Why there is no business like drone business

 

Google’s latest buyout is one of its most futuristic yet – it has put pen to paper and spent a ton of money on drone specialists Titan Aerospace.

Where drones used to be consigned to secretive military procedures and  the pages on science fiction books, everyday use of unmanned vehicles looks soon to be a reality.

This is because the biggest technology companies in the world are securing their future by buying, well, futuristic-sounding tech.

Google isn’t the first, either. Amazon announced back in December last year that it was looking into using drones to carry products to houses in America. It all sounded a little like a publicity stunt at the time but it proves that drones are now part of everyday thinking for the biggest names in tech.

Google hasn’t given a whole lot away as to what it will use its drones for, but it does seem likely that they will be part of its idea to bring the internet to places that simply don’t have it.

The original idea was to use balloons to carry Wi-Fi signals to far reaching areas of the world. This went under the brilliant and rather apt title: Project Loon.

Droning on

Google said in a press release on its acquisition of Titan Aerospace that both companies “share a profound optimism about the potential for technology to improve the world.” It also noted that: “It’s still early days, but atmospheric satellites could help bring internet access to millions of people, and help solve other problems, including disaster relief and environmental damage like deforestation.”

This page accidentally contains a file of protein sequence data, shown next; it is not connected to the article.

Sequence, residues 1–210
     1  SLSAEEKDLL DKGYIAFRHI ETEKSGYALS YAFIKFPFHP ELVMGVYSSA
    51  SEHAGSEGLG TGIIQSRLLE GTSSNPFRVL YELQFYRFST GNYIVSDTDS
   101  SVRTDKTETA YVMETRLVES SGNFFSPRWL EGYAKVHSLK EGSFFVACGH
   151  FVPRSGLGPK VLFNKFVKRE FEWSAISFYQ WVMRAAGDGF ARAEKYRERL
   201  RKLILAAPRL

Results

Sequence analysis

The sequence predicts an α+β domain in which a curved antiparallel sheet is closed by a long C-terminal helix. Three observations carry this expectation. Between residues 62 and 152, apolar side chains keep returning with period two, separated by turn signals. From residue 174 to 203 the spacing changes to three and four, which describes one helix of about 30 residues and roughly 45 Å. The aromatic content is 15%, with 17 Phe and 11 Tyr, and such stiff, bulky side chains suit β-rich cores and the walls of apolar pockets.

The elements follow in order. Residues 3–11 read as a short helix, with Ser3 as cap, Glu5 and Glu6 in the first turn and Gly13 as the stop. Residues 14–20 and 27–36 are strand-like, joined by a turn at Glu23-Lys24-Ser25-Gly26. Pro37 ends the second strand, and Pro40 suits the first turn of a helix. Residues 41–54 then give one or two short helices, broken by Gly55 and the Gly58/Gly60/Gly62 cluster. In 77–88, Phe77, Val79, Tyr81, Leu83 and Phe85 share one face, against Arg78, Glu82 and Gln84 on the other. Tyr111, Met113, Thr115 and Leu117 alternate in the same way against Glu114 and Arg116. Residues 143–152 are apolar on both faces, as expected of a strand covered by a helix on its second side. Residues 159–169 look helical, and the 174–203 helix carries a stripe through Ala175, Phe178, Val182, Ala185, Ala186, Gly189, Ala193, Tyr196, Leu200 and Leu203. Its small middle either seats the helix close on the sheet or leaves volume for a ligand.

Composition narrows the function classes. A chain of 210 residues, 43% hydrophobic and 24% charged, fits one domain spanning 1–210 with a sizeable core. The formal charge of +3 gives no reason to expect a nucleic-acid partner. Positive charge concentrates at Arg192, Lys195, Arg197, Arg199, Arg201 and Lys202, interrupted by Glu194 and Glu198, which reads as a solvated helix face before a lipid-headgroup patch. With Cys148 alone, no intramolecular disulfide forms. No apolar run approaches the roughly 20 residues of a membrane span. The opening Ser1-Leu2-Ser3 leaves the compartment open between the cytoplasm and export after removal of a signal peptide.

Given that Google fought off Facebook for this drone company it would have been interesting to see if the social network would have used the drones in such a way, or if they would just become new toys for Mark Zuckerberg to play with.

When it comes to everyday drone use, we are still a long way of seeing our sky littered with these things but it’s going to happen. Drones, if tech companies have their way, will deliver our shopping, feed us Wi-Fi and, well, the sky really is the limit.

A few things have to change first, though. There was a recent news article about a triathlete hit in the head with a drone when he was taking part in the Endure Batavia Triathlon in Australia. This was because the operator lost control. This is an isolated incident but one that highlights an inherent problem with drones: if they go wrong, they can dangerously go wrong.

It’s the same with self-driving cars, humans aren’t quite ready to put our lives in the hands of robots just yet. But when it comes to boring things like shopping, that’s another matter entirely…

Marc Chacksfield is the deputy editor of TechRadar.com, the UK’s biggest technology website.

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